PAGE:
The agronomic innovations, that are sustainably intensifying, and diversifying rice-based food production systems are also changing the lives of women as well. The Good Agricultural Practices (GAP), an integrated set of recommended crop management practices for increasing rice yield – including land-preparation options (bunding and field-levelling), variety choice, crop establishment, weed management, fertilizer management (especially via RiceAdvice), among others – were piloted in many African countries. More than 50,000 farmers in 21 AfricaRice member countries directly benefitted from these production gains, which increase rice yield by two to three-folds.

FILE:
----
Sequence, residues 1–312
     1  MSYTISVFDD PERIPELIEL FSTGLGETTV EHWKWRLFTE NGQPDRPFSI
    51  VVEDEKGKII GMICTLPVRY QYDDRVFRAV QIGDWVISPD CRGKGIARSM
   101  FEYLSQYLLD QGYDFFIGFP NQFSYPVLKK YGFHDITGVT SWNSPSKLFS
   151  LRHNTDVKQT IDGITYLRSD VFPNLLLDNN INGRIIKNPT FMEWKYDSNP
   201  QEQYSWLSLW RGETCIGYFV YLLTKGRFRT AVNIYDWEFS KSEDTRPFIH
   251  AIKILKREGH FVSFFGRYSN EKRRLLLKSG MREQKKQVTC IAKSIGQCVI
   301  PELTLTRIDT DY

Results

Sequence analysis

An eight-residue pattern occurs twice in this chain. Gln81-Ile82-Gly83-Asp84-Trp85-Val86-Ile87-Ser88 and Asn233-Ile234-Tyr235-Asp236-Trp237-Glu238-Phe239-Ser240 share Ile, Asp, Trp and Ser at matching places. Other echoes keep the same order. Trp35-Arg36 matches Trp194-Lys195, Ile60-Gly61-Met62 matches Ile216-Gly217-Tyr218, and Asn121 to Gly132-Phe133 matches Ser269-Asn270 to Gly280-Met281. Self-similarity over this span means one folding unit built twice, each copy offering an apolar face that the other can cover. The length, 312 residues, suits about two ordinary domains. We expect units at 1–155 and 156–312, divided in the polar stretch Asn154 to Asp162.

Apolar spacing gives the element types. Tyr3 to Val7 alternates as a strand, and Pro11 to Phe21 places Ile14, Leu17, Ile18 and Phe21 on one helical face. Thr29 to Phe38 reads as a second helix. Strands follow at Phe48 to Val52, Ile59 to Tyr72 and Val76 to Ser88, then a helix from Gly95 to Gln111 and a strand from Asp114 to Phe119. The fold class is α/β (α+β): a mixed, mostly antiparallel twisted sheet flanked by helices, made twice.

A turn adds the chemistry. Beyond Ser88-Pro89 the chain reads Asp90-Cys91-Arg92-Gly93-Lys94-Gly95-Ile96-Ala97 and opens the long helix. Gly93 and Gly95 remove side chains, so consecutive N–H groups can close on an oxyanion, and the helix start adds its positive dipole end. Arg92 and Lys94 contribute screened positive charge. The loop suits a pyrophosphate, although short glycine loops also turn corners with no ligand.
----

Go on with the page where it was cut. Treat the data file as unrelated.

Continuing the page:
Most GAP component technologies are designed to improve water use and soil fertility, reduce pest and disease pressure. In other cases, while women could benefit from the technologies, it is correct to acknowledge that, especially in agriculture, they may be limited by the lack of land ownership or access to marginal lands.
Technologies like the Smart-valleys, which can be adopted by land users and not necessarily the owners, would ensure that both men and women farmers can benefit from its adoption; for the households in Benin, Togo, Liberia and Sierra Leone that have adopted the Smart-valleys approach, their yield increased by an average of 0.92 to 1.32 tons per hectare, income by US$267 to US$440 per hectare, and food security by more than 4 to 10 points on the Food Consumption Score. In fact, the impact of Smart-valleys increased food security of women-headed household by 21 points against only 9 points for men (Arouna et al., 2019). It is good to note that indeed more than 60% of the Smart-valleys adopters are women.